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Hone Harawira: Speech On Employment Bill

Employment Relations Amendment Bill

Wednesday 30 August 2006

Hone Harawira, Employment Spokesperson, Maori Party
Mr Speaker, this House is considering a number of proposals for better relations with Australia, so I thought I’d share a little story from over the ditch.

Late last year, twenty construction workers got sacked by D3 General Contracting, without wages, holiday pay, or redundancy. D3 was contracting to Northpac Construction, a company with sites all over the world. Those twenty workers were Maori.

According to the Union, D3 hadn’t paid any of its workers their entitlements, or superannuation, since April 2005. Northpac however, continued to build on the site where the workers were laid off, but the effects of D3 going into receivership were immediate, and dramatic.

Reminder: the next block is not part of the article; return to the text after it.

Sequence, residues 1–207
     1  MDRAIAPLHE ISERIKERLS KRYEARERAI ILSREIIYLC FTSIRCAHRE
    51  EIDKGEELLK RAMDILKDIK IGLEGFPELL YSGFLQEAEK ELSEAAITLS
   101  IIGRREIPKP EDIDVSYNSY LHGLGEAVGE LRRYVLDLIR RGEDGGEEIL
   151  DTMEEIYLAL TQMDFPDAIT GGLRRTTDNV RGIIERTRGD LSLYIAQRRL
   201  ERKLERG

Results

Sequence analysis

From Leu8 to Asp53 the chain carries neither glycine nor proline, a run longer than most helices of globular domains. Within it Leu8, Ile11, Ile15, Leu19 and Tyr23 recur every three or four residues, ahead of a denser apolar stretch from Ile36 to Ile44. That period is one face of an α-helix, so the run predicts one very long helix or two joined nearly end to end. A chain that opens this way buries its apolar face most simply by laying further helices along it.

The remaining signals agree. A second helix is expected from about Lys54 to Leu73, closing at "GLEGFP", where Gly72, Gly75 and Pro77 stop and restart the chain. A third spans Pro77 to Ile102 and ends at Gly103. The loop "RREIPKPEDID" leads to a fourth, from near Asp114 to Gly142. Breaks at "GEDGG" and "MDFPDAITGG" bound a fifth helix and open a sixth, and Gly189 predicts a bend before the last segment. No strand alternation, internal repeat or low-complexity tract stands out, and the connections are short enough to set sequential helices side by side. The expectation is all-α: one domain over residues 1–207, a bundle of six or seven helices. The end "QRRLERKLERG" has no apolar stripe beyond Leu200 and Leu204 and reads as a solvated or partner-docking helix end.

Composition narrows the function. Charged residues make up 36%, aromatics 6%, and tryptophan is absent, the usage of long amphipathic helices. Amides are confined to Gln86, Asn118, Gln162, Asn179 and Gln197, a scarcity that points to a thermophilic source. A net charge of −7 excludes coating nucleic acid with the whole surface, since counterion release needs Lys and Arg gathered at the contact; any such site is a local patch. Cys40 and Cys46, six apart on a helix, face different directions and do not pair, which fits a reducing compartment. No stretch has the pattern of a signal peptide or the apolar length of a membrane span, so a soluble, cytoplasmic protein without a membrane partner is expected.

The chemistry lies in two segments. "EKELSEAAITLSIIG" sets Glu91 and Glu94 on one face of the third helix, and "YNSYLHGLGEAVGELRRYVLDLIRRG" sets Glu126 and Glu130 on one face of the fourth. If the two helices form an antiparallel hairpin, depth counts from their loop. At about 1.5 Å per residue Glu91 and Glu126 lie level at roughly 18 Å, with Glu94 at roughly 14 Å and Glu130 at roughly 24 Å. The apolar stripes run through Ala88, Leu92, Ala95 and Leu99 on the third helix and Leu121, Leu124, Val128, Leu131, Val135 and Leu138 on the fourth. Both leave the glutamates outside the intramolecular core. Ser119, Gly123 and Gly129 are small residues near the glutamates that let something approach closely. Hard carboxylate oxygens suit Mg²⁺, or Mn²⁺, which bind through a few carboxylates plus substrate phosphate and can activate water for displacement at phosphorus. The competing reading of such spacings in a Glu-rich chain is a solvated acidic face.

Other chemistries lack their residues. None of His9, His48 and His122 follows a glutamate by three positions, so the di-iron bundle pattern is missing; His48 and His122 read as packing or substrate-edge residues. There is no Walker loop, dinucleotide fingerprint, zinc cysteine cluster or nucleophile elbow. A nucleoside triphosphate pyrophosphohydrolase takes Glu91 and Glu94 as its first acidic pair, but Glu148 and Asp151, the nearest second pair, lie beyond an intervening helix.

One of the workers, a whanaunga of mine from up north, got evicted from his home, and one of his mates, Te Ururoa Flavell’s whanaunga, Rawiri Iti, 52 years of age, with four kids and six mokopuna, got dumped on the scrapheap.
He later told the media:“’cause most of us are Maori, we’ve been through it all before in New Zealand back in 1992. We know the effects this has on people and their families, both physically and mentally”.

During the course of the industrial action, Northpac offered a one-off payment of $25,000 (one tenth of what was owed) and tried to bribe one of the workers with a $5000 payment, if they moved the picket line from in front of the office.

Union spokesman Steve Keenan, said it was the same as the industrial relations policies which had forced their family to leave New Zealand in the first place.
“In New Zealand I was getting $19 an hour plus overtime rates, but when the laws were changed in 1991 and we went onto individual bargaining contracts I ended up with $9 an hour and no overtime ... and that’s after fourteen years’ service!”
Mr Speaker, this story isn’t just about twenty Maori workers fighting for their rights in Sydney. It should also be a warning to us here at home, to be wary of legislation which results in vulnerable workers being threatened.